Wednesday, June 12, 2019

Global Modeling Systems Upgrades

The European Center for Medium Range Weather Forecasting (ECMWF) and National Centers for Environmental Prediction (NCEP) are substantially upgrading their global medium range forecast models this week.

The ECMWF upgrade of its Integrated Forecast System (IFS) occurred with yesterday's (11 June) 1200 UTC run.  Perhaps the most important change is an upgrade to the data assimilation system to make it more continuous.  This enables more accurate initial conditions and ultimately better forecasts.  Additional changes are described here.  ECMWF reports an improvement in midlatitude precipitation skill of 0.5-1% in their high-resolution deterministic run (HRES) and about 1% in their ensemble modeling system.  Those numbers seem small, but remember that they upgrade the IFS once or twice a year, so these incremental improvements add up.

NCEP is planning to upgrade their Global Forecast System (GFS) with the 1200 UTC run today (12 June.  This is a major upgrade as although though the modeling system name isn't changing, the "guts" are. 

The guts of a numerical modeling system are the dynamical core.  The dynamical core is basically the part of the model that integrates key equations describing atmospheric fluid dynamics and thermodynamics forward.  For a global model, this involves taking a complex set of partial differential equations and writing them in a way that they can be solved on a sphere.  This is easier said than done, and there are many approaches to doing this, with various strengths and weaknesses.  Typically there are tradeoffs made between numerical accuracy and computational efficiency. 

For the upgrade, NCEP is replacing the old GFS spectral dynamical core with a new finite volume cubed sphere dynamical core known as FV3 and visualized below.  Gory details available here

Source: GFDL
The new GFS, known as version 15.1 (the previous operational version was version 14, with no decimal) also includes some additional upgrades.  For precipitation prediction over the western U.S, the most significant is an upgrade to the cloud microphysics parameterization, which simulates cloud processes.  Resolution is comparable between the old and new operational versions.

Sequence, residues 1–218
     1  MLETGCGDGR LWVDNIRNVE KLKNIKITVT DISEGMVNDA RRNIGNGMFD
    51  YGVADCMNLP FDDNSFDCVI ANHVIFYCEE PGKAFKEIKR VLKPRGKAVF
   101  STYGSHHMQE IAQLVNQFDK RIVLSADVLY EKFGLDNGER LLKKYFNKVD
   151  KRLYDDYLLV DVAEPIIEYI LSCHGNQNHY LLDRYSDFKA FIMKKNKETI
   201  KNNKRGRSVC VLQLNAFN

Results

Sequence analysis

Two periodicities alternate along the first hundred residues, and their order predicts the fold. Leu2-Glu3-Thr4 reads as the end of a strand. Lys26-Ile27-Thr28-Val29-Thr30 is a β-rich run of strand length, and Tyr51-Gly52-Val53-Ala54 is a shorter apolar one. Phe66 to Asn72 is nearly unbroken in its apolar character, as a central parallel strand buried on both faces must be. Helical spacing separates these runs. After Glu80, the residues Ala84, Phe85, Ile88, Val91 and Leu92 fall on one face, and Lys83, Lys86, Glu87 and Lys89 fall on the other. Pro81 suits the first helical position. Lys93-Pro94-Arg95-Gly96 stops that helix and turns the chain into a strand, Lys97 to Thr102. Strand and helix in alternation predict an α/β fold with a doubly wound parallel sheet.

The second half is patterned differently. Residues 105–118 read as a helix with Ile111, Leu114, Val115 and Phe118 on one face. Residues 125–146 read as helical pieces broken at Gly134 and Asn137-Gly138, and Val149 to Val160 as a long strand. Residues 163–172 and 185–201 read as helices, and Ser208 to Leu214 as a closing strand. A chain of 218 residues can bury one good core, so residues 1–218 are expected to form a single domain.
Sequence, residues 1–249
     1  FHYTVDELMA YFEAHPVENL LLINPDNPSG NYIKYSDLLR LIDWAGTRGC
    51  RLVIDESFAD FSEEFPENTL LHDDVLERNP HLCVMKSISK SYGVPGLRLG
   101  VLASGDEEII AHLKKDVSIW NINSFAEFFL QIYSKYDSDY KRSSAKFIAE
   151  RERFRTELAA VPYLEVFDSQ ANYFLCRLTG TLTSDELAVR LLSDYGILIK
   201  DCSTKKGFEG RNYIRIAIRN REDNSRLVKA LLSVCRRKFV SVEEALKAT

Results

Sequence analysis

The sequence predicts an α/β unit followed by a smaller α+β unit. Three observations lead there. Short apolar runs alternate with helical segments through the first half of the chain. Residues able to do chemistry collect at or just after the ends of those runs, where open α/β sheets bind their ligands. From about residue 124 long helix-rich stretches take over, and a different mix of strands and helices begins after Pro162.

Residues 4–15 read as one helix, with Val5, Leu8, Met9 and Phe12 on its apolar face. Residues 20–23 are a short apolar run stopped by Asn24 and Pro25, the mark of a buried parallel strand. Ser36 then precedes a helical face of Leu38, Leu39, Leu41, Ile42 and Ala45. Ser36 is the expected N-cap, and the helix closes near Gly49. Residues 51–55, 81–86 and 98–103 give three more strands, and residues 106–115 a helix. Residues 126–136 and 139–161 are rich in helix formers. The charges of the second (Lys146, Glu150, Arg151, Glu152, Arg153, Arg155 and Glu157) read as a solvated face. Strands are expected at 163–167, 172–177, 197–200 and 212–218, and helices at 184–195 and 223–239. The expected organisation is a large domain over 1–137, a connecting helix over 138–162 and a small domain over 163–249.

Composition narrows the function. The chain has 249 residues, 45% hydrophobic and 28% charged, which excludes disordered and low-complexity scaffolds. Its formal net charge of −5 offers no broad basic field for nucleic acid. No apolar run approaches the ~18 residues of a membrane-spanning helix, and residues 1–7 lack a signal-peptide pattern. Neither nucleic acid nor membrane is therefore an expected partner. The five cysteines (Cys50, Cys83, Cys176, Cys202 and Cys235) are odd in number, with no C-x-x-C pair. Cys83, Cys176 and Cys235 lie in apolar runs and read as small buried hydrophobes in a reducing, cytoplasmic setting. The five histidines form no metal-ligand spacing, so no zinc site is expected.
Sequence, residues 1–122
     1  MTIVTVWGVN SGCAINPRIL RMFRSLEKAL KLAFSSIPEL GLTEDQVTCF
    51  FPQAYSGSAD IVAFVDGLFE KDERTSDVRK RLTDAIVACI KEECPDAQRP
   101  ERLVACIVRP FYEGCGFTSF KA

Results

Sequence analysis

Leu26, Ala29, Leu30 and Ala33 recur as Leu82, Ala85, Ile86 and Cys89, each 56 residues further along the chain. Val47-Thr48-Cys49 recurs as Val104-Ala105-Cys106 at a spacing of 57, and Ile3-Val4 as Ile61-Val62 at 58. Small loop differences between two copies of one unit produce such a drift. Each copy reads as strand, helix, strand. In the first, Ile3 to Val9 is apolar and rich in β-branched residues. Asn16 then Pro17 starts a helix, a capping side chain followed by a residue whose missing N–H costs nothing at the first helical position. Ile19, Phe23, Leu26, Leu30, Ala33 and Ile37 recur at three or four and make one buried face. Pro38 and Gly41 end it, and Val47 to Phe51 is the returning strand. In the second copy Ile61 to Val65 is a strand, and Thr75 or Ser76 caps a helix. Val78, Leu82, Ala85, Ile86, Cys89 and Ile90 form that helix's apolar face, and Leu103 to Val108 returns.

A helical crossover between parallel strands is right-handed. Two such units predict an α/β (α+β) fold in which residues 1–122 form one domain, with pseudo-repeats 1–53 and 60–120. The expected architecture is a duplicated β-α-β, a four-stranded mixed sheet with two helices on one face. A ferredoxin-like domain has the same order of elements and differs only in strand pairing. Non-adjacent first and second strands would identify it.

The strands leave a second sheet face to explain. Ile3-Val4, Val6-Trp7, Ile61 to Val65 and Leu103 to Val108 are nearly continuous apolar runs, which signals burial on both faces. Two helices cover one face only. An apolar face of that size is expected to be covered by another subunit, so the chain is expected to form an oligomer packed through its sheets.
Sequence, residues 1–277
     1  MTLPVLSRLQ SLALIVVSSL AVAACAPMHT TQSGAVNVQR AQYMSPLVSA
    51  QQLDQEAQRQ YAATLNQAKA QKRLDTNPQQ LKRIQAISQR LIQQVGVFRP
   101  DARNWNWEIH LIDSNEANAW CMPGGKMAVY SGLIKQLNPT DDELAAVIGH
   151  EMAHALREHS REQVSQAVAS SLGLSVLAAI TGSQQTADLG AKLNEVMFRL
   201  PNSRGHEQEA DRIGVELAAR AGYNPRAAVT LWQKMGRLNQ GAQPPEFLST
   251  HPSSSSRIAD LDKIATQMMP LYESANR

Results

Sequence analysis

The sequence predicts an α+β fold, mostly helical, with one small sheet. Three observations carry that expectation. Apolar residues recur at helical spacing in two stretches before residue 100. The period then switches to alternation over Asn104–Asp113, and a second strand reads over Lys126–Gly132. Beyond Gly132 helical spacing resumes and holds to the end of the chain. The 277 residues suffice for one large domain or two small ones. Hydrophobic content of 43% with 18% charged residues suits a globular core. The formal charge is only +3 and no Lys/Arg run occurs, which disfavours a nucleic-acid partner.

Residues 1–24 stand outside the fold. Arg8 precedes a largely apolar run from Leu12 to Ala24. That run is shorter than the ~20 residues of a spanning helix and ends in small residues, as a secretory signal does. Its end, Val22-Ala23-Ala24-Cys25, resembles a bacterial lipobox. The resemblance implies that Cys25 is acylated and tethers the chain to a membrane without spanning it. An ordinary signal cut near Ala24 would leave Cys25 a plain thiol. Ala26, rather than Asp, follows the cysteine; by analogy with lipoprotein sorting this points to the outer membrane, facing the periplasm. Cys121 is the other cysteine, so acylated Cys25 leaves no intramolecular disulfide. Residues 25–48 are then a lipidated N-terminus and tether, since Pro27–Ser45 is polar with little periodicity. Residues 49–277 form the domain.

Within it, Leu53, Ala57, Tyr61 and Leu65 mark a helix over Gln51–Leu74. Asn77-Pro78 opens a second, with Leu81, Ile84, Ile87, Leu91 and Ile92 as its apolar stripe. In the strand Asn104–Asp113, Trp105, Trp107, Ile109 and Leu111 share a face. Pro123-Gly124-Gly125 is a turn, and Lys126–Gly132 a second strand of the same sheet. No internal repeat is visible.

For the upgrade, NCEP performed 3 years of retrospective model simulations and real-time parallel simulations using the FV3-based GFS version 15.0.   Version 15.1, which is becoming the operational version, includes some tweaks to improve performance based on analysis of those retrospective model simulations and real-time parallel simulations. More information is available here

One of my students, Marcel Caron, has been examining the performance of GFS cool-season precipitation forecasts over the western U.S. Preliminary results suggests that version 15.0 produces improved forecasts compared to version 14, but still does not reach the level of the previous version of the ECMWF IFS.  I don't expect the tweaks made for version 15.1 to change these results.  Thus, I anticipate the new GFS will perform slightly better than the old across the western U.S. next winter, but that the ECMWF will remain in front.  Note, however, that this is a generalization for the entire western U.S.  The performance at individual sites may vary.

Ultimately, the success of the GFS upgrade and the FV3 dynamical core will be determined in the coming years.  The FV3 dynamical core is part of the NOAA/NWS Next Generation Global Prediction System, an effort to build a unified modeling framework for NCEP operational models.  For example, the HRRR would eventually move to the FV3 dynamical core.  Efforts are also underway to engage the broader research community.  Time will tell if these activities prove successful. 

Because of the GFS upgrade, we will no longer be providing the experimental FV3 runs on

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